MEPS 327:193-206 (2006)  -  doi:10.3354/meps327193

Mesoscale variation in reproduction, recruitment and population structure of intertidal mussels with low larval input: a bay/open coast comparison

C. D. McQuaid*, T. E. Phillips

Department of Zoology & Entomology, Rhodes University, Grahamstown 6140, South Africa

ABSTRACT: Several studies suggest invertebrate recruitment is affected by coastal configuration, implying effects on population structure. Mesoscale (1 to 100 km) variability in spawning and recruitment of intertidal mussels was examined at 12 sites on the South African south coast. There were 3 shore types: Algoa Bay shores (sandstone) and open coast shores (sandstone or dune rock). Timing of spawning and recruitment did not differ among shore types, but intensity did. All shores had continuous spawning and trickle recruitment, with peak periods. Spawning at each shore peaked 3 to 4 times per year with poor synchrony among sites, even sites only 3 to 4 km apart. Spawning correlated negatively with air and sea temperature, being most likely in winter/spring. Individual gamete output was greater in Algoa Bay. Recruitment was poorly pulsed and much lower than in most boreal studies; 1 to 2 juvenile cohorts appeared on each shore each year, with no synchrony among shores. Each cohort recruited over 2 to 3 mo. Subsequent mortality and growth were density independent, which suggested that pre-settlement factors are important in population regulation. New cohort densities correlated with spawning intensity, and were significantly greater in Algoa Bay. Spawning intensity, new cohort density, growth and mortality accounted for 76% of the variation in recruitment into adult populations (multiple regression). Differences in spawning and recruitment were associated with differences in population size structure and adult longevity. Mesoscale differences in recruitment and a spawning output/new cohort density correlation can be accounted for by limited dispersal of larvae on scales of tens of kilometres, with open coast and Algoa Bay populations acting as semi-discrete elements of a metapopulation.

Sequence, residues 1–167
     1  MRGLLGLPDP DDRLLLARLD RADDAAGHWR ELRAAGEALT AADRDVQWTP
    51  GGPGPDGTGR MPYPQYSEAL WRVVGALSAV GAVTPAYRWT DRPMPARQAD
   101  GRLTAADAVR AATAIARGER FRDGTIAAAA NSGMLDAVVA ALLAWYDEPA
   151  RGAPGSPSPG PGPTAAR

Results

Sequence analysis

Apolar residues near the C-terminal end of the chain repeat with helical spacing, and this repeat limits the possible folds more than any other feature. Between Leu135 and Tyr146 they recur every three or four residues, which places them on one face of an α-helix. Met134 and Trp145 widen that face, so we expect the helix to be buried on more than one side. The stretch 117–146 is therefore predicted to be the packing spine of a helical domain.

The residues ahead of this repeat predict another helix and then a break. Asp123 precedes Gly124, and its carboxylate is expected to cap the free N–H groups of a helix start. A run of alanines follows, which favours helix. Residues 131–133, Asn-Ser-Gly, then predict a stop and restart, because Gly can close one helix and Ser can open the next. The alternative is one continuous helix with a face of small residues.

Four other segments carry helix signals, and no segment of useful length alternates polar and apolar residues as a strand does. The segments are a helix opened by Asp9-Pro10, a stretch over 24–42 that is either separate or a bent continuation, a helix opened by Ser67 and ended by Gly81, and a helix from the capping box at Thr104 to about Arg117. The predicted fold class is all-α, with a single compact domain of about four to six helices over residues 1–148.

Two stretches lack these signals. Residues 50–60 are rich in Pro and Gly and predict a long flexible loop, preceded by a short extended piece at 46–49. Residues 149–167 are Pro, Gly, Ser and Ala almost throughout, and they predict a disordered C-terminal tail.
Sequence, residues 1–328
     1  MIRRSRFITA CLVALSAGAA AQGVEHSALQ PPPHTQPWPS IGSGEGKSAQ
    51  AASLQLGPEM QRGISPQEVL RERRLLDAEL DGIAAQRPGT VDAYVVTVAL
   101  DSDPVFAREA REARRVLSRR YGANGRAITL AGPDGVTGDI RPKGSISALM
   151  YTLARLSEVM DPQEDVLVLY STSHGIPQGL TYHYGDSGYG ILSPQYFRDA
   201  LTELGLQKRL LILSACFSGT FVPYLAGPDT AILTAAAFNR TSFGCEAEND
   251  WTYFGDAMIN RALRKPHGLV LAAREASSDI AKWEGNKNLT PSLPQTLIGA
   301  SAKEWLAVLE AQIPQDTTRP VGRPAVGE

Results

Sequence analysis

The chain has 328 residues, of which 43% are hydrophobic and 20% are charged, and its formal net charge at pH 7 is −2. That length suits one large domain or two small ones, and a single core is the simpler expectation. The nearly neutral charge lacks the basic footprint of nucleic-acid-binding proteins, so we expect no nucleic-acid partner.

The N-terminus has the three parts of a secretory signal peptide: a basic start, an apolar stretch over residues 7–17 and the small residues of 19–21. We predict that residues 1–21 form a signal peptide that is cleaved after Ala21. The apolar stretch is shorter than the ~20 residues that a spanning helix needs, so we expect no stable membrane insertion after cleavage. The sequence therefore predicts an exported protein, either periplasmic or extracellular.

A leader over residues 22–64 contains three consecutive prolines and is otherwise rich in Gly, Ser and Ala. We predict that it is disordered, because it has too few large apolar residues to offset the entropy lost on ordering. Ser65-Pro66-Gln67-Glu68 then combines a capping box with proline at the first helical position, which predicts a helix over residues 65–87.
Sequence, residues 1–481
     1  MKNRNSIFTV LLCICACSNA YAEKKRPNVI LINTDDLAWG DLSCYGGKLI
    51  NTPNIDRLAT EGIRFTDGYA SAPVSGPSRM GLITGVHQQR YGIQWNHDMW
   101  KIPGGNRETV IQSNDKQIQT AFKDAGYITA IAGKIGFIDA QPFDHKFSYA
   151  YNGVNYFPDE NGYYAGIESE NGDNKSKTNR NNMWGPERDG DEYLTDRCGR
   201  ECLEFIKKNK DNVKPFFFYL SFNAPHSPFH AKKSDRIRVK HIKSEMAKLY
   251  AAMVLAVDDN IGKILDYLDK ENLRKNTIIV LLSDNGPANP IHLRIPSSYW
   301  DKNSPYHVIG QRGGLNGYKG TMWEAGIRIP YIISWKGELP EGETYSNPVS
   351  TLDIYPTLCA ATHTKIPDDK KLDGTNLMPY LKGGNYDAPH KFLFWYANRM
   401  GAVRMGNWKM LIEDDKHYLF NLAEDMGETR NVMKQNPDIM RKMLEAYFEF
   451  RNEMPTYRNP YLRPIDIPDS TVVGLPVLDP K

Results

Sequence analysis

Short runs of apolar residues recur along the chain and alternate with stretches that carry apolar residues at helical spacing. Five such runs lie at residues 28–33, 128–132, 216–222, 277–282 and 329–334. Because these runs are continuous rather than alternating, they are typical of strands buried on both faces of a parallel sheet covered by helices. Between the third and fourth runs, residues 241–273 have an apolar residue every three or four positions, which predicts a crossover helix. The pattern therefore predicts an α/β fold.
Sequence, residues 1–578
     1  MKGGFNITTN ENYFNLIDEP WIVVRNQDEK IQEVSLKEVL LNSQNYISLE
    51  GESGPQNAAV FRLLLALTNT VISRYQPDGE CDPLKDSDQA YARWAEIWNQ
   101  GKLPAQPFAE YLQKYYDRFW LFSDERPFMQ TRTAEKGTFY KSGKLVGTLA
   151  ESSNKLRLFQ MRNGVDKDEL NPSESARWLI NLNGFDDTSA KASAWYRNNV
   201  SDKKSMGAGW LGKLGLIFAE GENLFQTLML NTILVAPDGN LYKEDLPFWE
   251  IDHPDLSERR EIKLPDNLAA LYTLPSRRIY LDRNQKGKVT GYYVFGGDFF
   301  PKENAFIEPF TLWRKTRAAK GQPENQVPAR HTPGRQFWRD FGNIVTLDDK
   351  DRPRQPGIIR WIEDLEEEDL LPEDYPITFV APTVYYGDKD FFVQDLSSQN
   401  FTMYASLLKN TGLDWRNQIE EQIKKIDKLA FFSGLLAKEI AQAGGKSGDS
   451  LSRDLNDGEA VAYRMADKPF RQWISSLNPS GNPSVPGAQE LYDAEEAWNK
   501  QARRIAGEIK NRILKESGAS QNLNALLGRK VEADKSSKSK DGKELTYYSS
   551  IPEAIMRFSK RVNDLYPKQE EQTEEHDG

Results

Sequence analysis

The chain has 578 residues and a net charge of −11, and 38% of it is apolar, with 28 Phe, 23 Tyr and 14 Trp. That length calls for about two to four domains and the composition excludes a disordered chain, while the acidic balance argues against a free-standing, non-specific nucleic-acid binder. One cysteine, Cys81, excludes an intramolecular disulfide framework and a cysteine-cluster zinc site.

KEY WORDS: Mussels · Recruitment · Intertidal communities · Population dynamics · Larval dispersal · Perna perna · Metapopulation · Spawning


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